A Facepile is a way of showing interactions for a page/site by using profile pictures. It is a design element popularized by Facebook.
It consists of a row or rows of profile photos of individuals who have all completed a webaction involving the current page/site. For example, who have all liked, mentioned, favorited, RSVPed, etc.
Software that displays facepiles should take care to display only one image per actor within a given facepile. For instance, someone might, using webmentions, send two likes from two discrete source URLs to a valid target URL on a website. Rather than display that person's picture twice on that URL's facepile for likes, it should determine that both webmentions came from the same author (using the authorship algorithm), and then display that person's image only once within its like-facepile.
Examples of IndieWeb sites using Facepiles.
Aaron Parecki has displayed a facepile for likes and retweets since Feburary 2014.
- example with >100 likes: https://aaronparecki.com/notes/2014/10/31/2/geoween
- example: https://aaronparecki.com/notes/2014/10/31/2/geoween
Will Norris since 2014-03-09. E.g. https://willnorris.com/2014/03/display-likes-in-a-facepile
Kyle Mahan since 2014-03-13. Screenshot:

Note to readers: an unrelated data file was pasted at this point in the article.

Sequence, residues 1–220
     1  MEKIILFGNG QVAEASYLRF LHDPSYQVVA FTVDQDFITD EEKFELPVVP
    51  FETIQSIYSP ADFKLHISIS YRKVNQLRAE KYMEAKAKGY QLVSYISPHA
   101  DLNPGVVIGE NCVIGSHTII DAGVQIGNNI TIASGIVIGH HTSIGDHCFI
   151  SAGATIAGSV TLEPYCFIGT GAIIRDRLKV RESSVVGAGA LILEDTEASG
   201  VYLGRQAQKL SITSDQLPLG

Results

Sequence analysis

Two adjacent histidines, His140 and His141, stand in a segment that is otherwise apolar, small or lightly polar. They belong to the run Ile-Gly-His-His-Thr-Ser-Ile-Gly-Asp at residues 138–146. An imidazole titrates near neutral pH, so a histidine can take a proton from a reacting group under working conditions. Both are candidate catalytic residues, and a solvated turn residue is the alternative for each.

David Shanske... since 2014-04-26.
User:kartikprabhu.com... since 2014-??-??.
- Example on his blog: http://voxpelli.com/2014/10/indie-config-overview/
- Example on webmention.herokuapp.com: https://webmention.herokuapp.com/
Sebastiaan Andeweg uses facepiles to show likes, reposts and bookmarks for his post. For events, he also uses a facepile to show RSVPs.
Likes, reposts and bookmarks are mixed into one pile, but the text above the pile only counts the likes. When there are reposts/bookmarks but no likes, the title will say 'Reposts en bookmarks'.
RSVPs are displayed with an icon indicating 'yes', 'no', 'maybe' or 'interested'. Only the 'yes' value is in color.
capjamesg displays facepiles on his website below all posts, including articles and notes.
As of November 2014, Twitter displays its Facepile as a count of the different types of actions, and a Facepile of the individuals who took action at all.
From the USA Today article: Republicans are hit the hardest as coronavirus spreads among elected leaders, using clusters and two colors to give a broad impression of a trend:
- Vaguely hexagonal packing
- Rows are coarse/approximate and not strictly aligned
- No uniform columns
- Bumpy border